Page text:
American Art – Part I of IV: Anthony Ackrill
Artist Statement: “As an artist I am attracted to humans and the human body, which is a timeless image. I usually try to create an image that does not indicate a specific time period.”
Anthony Ackrill studied at the Florence Academy of Art, where he has also served as an instructor of anatomy, drawing, and painting.
American Art – Part II of IV: Michael Foulkrod
The greatest threat to freedom is the absence of criticism.” – Wole Soyinka, Nigerian author, poet, playwright, and recipient of the 1986 Nobel Prize in Literature for being someone “who in a wide cultural perspective and with poetic overtones fashions the drama of existence, who was born 13 July 1937.
Some quotes from the work of Wole Soyinka:
“Well, I think the Yoruba gods are truthful. Truthful in the sense that I consider religion and the construct of deities simply an extension of human qualities taken, if you like, to the nth degree. I mistrust gods who become so separated from humanity that enormous crimes can be committed in their names. I prefer gods who can be brought down to earth and judged, if you like.”
“Romance is the sweetening of the soul
With fragrance offered by the stricken heart.”
“The hand that dips into the bottom of the pot will eat the biggest snail.”
“The man died in all those that keep silent.”
“Don’t take shadows too seriously. Reality is your only safety. Continue to reject illusion.”
Here is the Artist Statement of painter Adriana Mufarrege: ”I was born in Córdoba, Argentina, on July 16th 1962.
My father’s parents were Lebanese, born in Bishmezzine. My mother’s family arrived in the Santa Fe plains from Switzerland about 1850. I spent my childhood and adolescence in Santa Fe. Since 1980 I have lived in Córdoba.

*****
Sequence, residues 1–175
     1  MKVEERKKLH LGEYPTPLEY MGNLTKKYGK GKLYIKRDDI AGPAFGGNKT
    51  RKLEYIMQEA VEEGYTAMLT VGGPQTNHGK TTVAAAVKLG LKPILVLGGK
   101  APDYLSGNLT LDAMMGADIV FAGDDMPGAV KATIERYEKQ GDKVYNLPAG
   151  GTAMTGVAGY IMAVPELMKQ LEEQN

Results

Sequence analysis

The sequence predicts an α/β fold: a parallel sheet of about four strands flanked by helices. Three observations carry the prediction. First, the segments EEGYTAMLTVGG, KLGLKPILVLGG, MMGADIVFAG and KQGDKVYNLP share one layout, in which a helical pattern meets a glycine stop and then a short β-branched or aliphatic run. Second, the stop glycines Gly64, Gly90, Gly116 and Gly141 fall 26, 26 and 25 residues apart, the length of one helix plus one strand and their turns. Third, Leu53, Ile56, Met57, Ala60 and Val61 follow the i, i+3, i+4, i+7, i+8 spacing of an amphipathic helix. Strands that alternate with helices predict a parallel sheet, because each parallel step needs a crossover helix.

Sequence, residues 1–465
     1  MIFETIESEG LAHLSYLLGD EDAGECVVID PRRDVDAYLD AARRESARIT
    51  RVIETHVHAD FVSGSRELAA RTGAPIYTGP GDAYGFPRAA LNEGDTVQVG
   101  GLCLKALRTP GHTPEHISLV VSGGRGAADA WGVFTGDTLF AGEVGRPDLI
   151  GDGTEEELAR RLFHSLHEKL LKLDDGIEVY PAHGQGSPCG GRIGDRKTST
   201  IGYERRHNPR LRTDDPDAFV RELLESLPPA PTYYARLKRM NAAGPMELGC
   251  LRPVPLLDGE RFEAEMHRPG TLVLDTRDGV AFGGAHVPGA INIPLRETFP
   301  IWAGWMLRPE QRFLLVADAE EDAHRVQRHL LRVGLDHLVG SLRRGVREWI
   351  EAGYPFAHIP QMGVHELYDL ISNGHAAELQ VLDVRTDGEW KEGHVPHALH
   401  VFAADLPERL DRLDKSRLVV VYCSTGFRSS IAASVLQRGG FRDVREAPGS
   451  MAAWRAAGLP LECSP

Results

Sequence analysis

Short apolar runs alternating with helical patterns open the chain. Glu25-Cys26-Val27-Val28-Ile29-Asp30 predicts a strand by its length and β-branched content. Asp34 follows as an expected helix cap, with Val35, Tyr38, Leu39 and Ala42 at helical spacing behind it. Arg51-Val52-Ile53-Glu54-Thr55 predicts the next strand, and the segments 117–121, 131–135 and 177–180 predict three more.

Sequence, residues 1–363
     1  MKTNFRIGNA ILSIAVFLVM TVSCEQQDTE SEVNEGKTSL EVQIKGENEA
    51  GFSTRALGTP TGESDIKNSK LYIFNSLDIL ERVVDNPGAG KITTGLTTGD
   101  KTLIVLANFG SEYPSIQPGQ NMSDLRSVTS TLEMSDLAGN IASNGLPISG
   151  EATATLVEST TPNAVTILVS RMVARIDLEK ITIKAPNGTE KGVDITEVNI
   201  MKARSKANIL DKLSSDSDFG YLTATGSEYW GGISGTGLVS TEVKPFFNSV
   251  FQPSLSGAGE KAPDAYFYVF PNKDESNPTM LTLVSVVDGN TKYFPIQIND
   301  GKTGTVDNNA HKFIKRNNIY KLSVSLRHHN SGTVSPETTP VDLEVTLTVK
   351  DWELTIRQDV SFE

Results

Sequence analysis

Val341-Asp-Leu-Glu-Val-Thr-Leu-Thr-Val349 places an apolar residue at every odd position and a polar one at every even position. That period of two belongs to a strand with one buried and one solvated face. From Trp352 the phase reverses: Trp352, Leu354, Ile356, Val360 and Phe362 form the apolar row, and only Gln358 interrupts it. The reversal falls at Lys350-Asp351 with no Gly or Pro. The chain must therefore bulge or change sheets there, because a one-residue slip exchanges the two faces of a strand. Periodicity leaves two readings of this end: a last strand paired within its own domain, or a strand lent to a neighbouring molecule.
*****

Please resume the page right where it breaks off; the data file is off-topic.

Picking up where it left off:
I entered the School of Arts at Córdoba National University. In 1987 I got my degree as Superior Professor in Art Education.
I consider art a spiritual and inner journey.”
“My personal interest in ordinary people is unlimited, but I am fascinated by the challenge of portraying true greatness adequately with my camera.” – Yousuf Karsh, Armenian-Canadian portrait photographer, who died 13 July 2002.
From the Music Archives: Roger McGuinn
Born 13 July 1942 –Roger McGuinn, an American singer-songwriter, guitarist, and member of The Byrds and the Chad Mitchell Trio.
From the American Old West: Johnny Ringo
Died 13 July 1882 – John Peters “Johnny” Ringo, a
member of the outlaw gang The Cowboys in Cochise County, Arizona Territory. It appears likely that Johnny Ringo did not die in a shootout but, rather, took his own life.
Italian Art – Part I of II: Antonio Biancalani
Italian Art – Part II of II: Claudio Tuccillo
Painter Claudio Tuccillo studied at the State Institute of Art in Naples.
A Poem for Today
A Poem by Kabir (c. 1440-c. 1518), a mystic poet of India
The flute of interior time is played whether we hear it or not,
What we mean by “love” is its sound coming in.
When love hits the farthest edge of excess, it reaches a wisdom.